Wednesday, November 05, 2003
The Voyager 1 spacecraft, the most distant human-made object, has reached the end — or perhaps just the beginning of the end — of our solar system, scientists argue in two new studies.
As of Wednesday, 26 years after its launch, NASA (news - web sites)'s Voyager 1 was 8.4 billion miles from the sun. That's 90 times the distance separating the Earth from our star.
As the robotic spacecraft continues to push far beyond the reach of the nine planets, two teams of scientists disagree whether it passed into the uncharted region of space where the sun's sphere of influence begins to wane.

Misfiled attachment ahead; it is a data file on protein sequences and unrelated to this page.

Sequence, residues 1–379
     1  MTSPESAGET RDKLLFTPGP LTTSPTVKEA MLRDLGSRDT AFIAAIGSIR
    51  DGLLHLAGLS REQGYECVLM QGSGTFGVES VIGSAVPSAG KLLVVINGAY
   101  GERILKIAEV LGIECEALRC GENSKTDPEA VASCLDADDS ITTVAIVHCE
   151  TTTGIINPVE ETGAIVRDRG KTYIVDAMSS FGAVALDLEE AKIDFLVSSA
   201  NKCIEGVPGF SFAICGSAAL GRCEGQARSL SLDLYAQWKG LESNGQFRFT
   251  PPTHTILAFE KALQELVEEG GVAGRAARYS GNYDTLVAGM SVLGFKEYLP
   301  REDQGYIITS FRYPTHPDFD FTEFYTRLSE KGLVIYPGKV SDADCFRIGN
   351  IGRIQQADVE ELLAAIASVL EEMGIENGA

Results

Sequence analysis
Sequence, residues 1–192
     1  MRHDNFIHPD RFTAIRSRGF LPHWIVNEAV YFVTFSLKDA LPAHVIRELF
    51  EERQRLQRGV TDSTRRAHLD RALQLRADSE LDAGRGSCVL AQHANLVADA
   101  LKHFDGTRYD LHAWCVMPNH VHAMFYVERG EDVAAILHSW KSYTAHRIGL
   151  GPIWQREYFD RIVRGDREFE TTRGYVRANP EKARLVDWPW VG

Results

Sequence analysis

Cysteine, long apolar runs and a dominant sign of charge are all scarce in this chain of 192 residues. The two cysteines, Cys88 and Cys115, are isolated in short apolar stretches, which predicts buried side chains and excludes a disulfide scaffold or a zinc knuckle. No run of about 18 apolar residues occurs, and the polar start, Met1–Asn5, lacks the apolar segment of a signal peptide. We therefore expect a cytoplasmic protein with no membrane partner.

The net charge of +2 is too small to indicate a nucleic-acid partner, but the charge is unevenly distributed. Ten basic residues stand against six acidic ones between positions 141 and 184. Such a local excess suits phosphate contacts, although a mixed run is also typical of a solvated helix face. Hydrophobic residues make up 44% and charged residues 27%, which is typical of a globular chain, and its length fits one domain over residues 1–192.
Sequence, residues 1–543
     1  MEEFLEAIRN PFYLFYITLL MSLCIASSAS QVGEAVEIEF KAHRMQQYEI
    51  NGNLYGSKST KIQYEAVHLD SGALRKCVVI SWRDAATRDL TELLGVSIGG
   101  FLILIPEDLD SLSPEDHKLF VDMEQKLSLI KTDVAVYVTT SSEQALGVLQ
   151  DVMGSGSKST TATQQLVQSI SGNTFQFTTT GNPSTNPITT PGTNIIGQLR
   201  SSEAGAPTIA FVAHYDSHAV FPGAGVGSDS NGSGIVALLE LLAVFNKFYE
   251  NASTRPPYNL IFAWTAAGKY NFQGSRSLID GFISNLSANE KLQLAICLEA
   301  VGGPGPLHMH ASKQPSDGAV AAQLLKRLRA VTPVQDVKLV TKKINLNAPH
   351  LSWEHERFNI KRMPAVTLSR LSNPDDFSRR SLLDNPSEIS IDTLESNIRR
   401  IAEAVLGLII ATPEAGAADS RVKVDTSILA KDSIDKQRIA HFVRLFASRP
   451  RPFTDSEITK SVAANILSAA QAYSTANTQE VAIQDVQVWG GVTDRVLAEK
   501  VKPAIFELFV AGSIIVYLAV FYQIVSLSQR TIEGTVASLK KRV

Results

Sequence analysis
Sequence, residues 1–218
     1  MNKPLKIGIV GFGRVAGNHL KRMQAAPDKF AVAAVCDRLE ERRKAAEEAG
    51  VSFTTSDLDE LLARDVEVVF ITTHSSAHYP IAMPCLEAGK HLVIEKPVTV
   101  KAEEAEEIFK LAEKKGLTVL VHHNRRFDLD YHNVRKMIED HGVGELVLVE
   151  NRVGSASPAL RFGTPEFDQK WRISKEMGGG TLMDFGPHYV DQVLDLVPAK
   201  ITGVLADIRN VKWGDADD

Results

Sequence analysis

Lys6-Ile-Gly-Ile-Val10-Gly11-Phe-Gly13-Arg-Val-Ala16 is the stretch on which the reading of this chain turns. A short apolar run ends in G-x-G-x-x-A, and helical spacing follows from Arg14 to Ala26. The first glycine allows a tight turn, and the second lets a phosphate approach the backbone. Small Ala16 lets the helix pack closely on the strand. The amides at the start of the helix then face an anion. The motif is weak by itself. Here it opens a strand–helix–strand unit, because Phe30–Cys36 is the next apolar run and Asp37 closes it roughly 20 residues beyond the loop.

The sun sends out a stream of highly charged particles, called the solar wind, that carves out a vast bubble around the solar system.
Beyond the bubble's ever-shifting boundary, called the termination shock, lies a region where particles cast off by dying stars begin to hold sway.
That region, called the heliopause, marks the beginning of interstellar space and the end of our solar system. Whether Voyager 1 reached that mark or is still on approach remains unclear, with scientists providing evidence for both claims. Details appear Thursday in the journal Nature.
How soon 'fore the aliens get ahold of it and begin to worship it as some sort of big, blinking diety?
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